joeJoe Scurfield was a delegate to the Trades Council for many years, first from the Musicians’ Union, then from Equity.  He stepped down as delegate on leaving Equity to rejoin the MU, and at the time of his tragic death on 9 June 2005 was seeking to get the MU to reaffiliate.  He played an outstanding role in leading the May Day Committee in the 1980s, and for that received the Tom Aisbit Award from the Trades Council.  The 1991 AGM Minutes record that “In reply, Bro Joe Scurfield said that this was the first trophy since winning an under 14s football competition, but he accepted the Award on the basis that a lot of hidden work had been done by others.”

When the Trades Council could not find a Secretary in 1998, Joe stepped into the breach.  He was not able to give the role 100% commitment, due to his busy performing schedule, but nonetheless did what he could, and helped to keep the Trades Council alive both in 1998 and when re-elected in 1999.  His Secretary’s Report to the 1999 is in many ways his own credo:

“For well over a hundred years this Trades Council has supported workers’ struggle on Tyneside, in Britain and throughout the world.  While fashionable pundits now tell us that class struggle is outdated, our own eyes and the state of the planet tell us otherwise.  Different epochs present different challenges, our strength waxes and wanes, but we still have a vital role to play in the fight for workers’ rights, peace, full employment, for education and a decent health service.  The tides of history are forever turning: the resistance of today will bear fruit tomorrow.”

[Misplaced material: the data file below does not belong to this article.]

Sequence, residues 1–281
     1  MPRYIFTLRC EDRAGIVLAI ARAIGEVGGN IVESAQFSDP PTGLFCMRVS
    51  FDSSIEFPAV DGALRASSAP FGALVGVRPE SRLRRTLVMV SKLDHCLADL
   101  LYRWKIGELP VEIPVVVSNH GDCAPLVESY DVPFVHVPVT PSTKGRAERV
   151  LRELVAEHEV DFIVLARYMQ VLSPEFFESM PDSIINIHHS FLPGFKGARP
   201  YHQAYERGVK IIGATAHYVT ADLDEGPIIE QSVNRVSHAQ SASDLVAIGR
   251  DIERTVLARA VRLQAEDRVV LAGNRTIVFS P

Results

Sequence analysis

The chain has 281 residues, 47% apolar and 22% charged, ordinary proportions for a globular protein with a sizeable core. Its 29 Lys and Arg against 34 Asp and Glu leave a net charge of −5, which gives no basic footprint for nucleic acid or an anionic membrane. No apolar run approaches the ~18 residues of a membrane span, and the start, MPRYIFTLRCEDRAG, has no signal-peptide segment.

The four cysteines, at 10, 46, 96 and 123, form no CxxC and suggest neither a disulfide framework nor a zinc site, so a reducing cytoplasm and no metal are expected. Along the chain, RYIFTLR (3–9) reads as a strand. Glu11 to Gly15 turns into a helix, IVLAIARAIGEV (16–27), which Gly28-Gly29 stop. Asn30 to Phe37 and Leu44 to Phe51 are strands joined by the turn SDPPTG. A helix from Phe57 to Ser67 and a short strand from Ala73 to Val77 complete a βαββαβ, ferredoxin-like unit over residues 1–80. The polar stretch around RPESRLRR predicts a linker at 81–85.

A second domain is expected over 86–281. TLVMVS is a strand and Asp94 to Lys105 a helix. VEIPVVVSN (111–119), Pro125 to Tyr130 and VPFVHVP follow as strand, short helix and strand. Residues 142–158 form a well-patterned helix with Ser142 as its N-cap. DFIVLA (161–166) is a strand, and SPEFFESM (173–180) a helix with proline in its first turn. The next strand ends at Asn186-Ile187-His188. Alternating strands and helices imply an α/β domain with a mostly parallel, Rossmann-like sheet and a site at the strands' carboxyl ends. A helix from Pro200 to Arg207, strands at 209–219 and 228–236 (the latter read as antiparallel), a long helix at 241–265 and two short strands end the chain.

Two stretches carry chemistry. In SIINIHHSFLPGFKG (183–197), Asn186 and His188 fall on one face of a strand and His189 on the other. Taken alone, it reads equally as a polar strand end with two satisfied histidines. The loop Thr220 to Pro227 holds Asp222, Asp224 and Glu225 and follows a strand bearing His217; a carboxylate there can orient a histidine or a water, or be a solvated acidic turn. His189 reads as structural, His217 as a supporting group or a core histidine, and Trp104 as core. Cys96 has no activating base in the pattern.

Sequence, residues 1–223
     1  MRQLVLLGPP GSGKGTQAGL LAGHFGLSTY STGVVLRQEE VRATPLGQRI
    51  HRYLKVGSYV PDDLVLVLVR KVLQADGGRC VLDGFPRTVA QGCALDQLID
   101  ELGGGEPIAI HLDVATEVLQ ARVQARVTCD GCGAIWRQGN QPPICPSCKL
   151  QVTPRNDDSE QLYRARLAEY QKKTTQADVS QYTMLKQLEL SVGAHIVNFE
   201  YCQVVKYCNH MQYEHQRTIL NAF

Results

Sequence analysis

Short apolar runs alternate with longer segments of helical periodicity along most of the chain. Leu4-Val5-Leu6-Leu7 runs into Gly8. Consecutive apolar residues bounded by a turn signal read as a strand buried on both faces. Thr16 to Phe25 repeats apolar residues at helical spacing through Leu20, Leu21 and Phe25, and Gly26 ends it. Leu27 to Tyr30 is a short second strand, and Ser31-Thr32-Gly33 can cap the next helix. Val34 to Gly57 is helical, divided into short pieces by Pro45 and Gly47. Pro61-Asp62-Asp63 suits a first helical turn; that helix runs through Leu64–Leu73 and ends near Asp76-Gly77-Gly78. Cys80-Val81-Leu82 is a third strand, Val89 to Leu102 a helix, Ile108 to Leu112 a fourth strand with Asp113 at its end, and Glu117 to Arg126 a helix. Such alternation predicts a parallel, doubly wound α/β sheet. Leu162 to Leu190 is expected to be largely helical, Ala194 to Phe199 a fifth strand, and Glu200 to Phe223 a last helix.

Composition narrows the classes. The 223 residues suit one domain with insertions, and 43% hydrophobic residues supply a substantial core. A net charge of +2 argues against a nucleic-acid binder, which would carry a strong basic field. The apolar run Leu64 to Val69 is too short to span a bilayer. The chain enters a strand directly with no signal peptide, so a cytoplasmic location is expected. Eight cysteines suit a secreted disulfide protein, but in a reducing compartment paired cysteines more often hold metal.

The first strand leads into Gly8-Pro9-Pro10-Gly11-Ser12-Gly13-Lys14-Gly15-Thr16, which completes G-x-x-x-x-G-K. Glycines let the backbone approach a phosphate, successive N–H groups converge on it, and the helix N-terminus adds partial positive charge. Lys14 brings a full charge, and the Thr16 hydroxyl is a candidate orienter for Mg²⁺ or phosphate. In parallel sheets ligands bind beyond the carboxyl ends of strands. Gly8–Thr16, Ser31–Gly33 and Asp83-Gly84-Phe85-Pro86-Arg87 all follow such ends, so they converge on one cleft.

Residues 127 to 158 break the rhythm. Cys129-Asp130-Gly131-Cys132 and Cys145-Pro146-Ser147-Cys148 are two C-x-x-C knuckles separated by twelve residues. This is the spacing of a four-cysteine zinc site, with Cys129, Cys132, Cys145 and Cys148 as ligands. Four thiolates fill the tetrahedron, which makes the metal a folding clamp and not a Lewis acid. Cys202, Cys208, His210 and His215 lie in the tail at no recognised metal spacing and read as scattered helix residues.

Everyone who met Joe warmed to him.  His legacy is enormous.  To cherish his memory the Trades Council has agreed to establish an annual Joe Scurfield Award, to be given to an individual or group of people who have made a meritorious contribution to linking cultural activity - particularly music - to trade unionism or community politics.

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The Lucas Aerospace Shop Stewards’ Combine’s Alternative Corporate Plan of 1976 was a pioneering effort by workers at the arms company to retain jobs by proposing alternative, socially-useful applications of the company’s technology and their own skills. A 40th anniversary conference, sponsored by (among others) Newcastle TUC, was held in Birmingham on 26 November 2016.
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Newcastle Trades Union Council

– known, more colloquially, as “Newcastle TUC”, “Newcastle Trades Council” or simply “The Trades Council”. This is our newly redesigned web site and we shall gradually be adding more material to it as time progresses. The Trades Council is the link between the trade union movement and the wider community in the City of Newcastle.

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